First published in 1956.
Arthur Waley here presents an engrossing account of the works and life of Yuan Mei (1716-1797), the best-known poet of his time. Gaiety is the keynote of his works and the poet was a friend of the Manchu official with whom Commodore Anson had dramatic dealings at Canton in 1743. Yuan Mei gives an account (not previously translated) of Anson's interview with the Manchu authorities. The book contains many translations of Yuan Mei's verse and prose.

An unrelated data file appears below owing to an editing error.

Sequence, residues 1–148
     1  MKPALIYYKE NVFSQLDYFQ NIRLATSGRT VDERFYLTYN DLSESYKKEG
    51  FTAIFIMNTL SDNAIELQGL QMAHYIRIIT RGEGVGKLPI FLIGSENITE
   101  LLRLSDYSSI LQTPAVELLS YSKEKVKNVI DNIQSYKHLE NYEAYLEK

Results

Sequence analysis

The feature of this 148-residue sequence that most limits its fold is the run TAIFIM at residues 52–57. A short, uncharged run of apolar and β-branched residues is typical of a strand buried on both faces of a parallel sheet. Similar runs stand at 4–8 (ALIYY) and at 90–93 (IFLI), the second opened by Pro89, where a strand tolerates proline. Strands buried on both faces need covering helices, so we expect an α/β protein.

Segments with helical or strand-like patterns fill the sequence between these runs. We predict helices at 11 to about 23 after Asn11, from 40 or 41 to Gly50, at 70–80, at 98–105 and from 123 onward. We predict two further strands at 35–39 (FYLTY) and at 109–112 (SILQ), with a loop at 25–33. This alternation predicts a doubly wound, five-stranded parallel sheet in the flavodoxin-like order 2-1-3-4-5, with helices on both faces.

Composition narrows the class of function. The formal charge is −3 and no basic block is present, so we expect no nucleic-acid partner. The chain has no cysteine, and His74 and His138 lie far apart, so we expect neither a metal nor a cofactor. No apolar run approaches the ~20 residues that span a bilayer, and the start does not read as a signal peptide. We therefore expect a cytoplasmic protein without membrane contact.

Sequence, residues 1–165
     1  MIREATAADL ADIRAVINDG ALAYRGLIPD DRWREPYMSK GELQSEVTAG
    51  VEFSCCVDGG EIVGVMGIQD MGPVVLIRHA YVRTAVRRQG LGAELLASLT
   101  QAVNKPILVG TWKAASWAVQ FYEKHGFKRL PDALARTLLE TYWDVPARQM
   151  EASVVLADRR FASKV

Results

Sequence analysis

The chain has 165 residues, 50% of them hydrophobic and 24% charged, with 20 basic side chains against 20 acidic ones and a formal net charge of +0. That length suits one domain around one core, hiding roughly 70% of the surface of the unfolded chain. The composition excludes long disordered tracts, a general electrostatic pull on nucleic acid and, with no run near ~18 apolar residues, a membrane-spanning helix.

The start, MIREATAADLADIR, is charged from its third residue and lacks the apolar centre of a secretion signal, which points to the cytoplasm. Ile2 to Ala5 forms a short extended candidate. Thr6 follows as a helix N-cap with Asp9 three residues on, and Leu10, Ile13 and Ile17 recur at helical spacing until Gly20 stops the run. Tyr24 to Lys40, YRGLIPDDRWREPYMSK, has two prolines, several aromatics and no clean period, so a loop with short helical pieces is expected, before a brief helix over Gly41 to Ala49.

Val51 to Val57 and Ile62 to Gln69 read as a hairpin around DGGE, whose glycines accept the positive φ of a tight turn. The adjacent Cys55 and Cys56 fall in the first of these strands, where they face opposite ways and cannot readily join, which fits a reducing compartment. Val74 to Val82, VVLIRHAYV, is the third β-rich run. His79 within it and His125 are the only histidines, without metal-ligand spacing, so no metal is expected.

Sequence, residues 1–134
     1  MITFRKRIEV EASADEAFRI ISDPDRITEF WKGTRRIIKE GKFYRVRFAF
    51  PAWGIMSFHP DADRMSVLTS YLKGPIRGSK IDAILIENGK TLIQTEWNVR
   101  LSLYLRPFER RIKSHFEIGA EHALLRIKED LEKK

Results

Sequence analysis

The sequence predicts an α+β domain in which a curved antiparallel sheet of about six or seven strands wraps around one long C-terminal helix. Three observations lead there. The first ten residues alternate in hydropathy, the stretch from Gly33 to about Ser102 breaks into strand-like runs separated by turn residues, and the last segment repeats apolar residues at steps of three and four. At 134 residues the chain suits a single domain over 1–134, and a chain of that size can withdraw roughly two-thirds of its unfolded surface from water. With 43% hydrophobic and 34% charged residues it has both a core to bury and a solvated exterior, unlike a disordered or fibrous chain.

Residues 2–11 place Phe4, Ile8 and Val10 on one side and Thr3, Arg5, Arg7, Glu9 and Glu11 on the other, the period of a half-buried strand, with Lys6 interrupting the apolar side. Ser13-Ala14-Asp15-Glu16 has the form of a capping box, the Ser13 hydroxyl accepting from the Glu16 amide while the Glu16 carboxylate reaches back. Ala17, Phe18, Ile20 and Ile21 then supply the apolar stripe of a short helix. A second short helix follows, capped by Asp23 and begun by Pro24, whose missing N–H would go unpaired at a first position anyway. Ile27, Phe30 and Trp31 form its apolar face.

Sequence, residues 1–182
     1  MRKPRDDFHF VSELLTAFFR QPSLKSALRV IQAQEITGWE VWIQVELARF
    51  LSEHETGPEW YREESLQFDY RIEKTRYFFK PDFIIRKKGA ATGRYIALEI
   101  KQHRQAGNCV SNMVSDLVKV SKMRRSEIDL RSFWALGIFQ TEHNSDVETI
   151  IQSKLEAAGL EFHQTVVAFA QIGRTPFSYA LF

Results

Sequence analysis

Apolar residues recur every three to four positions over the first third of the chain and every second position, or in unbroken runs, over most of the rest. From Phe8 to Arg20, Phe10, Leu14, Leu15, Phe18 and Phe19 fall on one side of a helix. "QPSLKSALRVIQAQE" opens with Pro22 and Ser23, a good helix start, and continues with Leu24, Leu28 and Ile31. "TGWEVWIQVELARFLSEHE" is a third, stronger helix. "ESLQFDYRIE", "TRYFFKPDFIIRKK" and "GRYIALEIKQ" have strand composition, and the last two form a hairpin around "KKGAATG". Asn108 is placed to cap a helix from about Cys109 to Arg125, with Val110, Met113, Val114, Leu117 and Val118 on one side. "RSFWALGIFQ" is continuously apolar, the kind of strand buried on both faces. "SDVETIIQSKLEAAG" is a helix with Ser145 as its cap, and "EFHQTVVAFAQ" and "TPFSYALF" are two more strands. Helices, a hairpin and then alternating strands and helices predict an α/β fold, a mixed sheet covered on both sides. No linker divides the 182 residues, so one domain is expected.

'The quotations, many of them poems of the most exquisite quality; the anecdotes, always with a flavour quintessentially Chinese, illumine the whole period with so brilliant a glow that Yuan Mei ambles among us, laughing and chatting and pausing to sip tea. The whole picture is profoundly human and quite unforgettable.' - The Times Literary Supplement